Days 8 & 9: “Walking…,” “Weaving” & Notes on World-Building

I decided to reconfigure my detailing of the creative process behind several of my previous poems for the past week by publishing a series of posts. What follows are poems 8 & 9 and ” Notes on World-building,” a short essay, more or less, about the idea of building worlds in poetry to contextualize and translate experience, ideas, and emotions. I examine a few poets who have particularly inspired me in the creation of the 30/30 Poems.

“Walking the dog to the park”

Poem for Day 8, “Walking the dog to the park,” was written around the same instant as the poem for Day 9, “Weaving,” the latter which I revisited and adapted into its dynamic structure the following evening.

The idea of this poem can be represented in its static, odd structure, beginning with a contextualizing couplet (a continuation of the title), immediately followed by a block of prose, split by slashes. The slashes obviously refer to the slats in the fence. The perspective is as static as the frozen trees; the players on the court caught in a space, fixed in “mid-leap,” the ball becoming a “fountained / arc.”

“Weaving”

This poem owes a lot to my obsessive consumption of language poetry back in 2013-2014. I experimented heavily with how poems could be structured, encouraged by the poetry of Rukeyser, June Jordan, Jean Valentine, Juliana Spahr (the second reader of my MFA thesis), and Ted Berrigan. However, these poets don’t all fit necessarily into the school of language poetry; but let’s just assume they take a page each from William Carlos Williams and Wallace Stevens.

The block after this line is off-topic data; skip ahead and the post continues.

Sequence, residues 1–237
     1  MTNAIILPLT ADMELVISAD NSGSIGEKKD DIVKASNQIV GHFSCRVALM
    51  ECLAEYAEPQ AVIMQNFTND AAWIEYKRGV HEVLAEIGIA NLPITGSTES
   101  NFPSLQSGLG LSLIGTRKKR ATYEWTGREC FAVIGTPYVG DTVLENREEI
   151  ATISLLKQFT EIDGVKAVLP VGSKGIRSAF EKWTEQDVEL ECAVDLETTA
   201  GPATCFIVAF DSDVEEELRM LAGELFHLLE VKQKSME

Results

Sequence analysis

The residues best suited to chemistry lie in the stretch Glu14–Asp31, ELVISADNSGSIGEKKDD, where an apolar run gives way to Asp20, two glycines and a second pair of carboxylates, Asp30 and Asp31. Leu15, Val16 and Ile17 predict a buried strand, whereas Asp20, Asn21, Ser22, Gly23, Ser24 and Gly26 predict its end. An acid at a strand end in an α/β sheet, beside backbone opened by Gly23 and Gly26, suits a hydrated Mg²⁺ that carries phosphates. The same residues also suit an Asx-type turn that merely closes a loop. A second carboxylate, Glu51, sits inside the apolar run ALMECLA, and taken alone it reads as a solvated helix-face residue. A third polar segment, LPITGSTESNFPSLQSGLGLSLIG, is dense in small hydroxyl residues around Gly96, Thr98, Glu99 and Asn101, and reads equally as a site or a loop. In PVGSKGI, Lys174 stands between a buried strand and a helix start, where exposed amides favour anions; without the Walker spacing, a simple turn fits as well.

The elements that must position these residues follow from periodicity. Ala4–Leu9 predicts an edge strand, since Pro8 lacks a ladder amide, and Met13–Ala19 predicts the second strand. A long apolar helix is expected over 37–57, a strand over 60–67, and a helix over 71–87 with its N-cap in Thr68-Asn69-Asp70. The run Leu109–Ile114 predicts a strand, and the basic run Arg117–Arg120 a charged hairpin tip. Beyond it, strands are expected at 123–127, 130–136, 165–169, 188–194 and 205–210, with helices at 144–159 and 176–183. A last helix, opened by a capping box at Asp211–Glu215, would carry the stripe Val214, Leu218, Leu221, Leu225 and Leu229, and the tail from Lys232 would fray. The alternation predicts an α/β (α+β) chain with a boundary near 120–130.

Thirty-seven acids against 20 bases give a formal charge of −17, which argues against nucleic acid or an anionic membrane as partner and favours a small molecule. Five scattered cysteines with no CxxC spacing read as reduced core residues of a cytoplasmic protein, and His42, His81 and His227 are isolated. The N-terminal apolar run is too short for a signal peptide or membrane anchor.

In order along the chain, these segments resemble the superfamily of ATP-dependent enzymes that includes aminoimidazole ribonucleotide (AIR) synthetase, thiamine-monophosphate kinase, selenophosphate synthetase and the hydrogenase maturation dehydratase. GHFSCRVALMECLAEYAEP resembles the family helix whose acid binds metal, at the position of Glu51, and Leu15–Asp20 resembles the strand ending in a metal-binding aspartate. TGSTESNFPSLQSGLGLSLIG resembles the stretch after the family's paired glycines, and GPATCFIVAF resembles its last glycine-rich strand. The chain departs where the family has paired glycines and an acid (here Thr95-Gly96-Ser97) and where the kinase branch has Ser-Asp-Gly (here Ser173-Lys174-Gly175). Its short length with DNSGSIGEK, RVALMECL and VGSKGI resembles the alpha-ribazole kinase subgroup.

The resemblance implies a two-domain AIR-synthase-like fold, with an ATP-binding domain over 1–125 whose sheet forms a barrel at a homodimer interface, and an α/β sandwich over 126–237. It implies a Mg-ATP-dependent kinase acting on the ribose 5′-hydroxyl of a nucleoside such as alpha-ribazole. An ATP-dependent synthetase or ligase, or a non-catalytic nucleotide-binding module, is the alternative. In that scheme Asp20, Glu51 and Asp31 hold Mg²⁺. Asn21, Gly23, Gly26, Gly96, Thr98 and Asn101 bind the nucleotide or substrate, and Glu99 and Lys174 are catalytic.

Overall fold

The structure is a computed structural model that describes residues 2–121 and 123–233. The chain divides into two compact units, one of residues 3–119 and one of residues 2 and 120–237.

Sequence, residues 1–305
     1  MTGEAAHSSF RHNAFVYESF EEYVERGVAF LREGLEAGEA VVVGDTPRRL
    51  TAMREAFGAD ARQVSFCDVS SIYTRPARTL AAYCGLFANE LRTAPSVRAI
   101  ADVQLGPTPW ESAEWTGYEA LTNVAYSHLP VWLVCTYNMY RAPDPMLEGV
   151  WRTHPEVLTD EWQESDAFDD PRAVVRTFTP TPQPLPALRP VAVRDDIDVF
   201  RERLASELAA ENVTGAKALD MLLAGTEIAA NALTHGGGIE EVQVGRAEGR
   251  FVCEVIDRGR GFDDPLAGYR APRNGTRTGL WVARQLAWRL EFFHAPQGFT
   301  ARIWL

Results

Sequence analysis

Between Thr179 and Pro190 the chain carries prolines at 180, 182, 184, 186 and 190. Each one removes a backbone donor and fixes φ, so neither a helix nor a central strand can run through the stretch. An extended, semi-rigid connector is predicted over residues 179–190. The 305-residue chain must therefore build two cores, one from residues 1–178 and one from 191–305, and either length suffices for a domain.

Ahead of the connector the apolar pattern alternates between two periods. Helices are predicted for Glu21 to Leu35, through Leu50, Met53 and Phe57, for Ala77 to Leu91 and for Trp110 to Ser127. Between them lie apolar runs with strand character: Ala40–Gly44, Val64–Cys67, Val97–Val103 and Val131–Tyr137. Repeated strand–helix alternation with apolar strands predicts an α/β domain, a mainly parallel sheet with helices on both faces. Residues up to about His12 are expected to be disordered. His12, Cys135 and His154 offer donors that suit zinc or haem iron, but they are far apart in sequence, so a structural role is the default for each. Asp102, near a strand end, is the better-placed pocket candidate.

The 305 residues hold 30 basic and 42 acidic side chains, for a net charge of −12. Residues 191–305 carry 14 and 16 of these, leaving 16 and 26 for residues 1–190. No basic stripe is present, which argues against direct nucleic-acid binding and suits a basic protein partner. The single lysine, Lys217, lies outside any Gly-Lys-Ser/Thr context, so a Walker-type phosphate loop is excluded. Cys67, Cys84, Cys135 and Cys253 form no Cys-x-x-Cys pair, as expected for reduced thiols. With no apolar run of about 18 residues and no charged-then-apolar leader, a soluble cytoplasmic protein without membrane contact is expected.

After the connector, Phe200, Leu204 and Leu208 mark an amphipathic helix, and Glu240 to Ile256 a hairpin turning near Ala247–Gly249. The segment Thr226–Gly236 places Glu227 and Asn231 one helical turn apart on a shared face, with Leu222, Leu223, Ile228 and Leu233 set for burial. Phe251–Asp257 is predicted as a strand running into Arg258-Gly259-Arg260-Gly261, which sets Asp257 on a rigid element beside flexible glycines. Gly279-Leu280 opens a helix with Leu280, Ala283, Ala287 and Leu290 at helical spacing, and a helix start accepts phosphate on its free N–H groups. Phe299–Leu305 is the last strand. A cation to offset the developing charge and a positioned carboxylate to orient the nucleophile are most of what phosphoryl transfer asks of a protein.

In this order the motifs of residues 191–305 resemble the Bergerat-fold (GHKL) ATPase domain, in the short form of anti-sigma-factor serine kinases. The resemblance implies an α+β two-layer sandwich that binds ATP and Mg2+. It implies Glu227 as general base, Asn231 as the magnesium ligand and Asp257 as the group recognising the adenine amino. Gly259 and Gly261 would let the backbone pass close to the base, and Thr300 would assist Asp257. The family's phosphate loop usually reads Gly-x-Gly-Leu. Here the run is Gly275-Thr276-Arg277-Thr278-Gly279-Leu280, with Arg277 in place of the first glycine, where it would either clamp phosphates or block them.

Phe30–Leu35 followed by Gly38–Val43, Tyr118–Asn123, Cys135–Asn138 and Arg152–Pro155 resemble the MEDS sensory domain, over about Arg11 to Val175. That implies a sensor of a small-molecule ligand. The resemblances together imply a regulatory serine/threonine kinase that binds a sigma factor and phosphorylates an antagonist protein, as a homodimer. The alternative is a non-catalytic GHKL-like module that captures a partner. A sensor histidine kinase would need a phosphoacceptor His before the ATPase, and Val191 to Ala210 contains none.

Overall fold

“Weaving,” like “Walking…” constructs a world. These two poems happen to take pace in a similar world (my neighborhood in Kundulun District, Baotou, back in 2015-2017). In this poem, the structure mimics the task of stripping willow leaves, bending and threading the bare branches into shapes. The third stanza parallels the visual interlacing of those discarded leaves. We’re left with the final products (those forms that pre-existed in our heads): “One helmet // One bowl // One green skull.”

Notes on World-Building in Poetry: Orr, Bishop, Valentine

i.

In my poetics I’ve taken a line to heart from Gregory Orr in his books Poetry as Survival and Richer Entanglements. Allow me to bastardize his quote: Poems take the trauma of lived experience and frame it, creating worlds within the poem for the experienced to be contextualized and translated for the reader. I like that idea of each poem being its own world, contextualizing the initial impulse, experience, emotion–inherent raison d’etre.

Orr illustrates this contextualizing/world-building in his heartbreaking poem, “Gathering the Bones Together.” He creates this world using familiar childhood scenes replete with surrealist imagery and lyric motifs, populating that world with mourners in a house filling with smoke, a deer hanging from the rafters of a barn, snails gliding over black pools of rot as “little death-swans.” An example of this can be seen in how Orr develops an initial setting (not fixed throughout the poem):

The deer carcass hangs from a rafter.
Wrapped in blankets, a boy keeps watch
from a pile of loose hay. Then he sleeps

and dreams about a death that is coming (lines 1-4):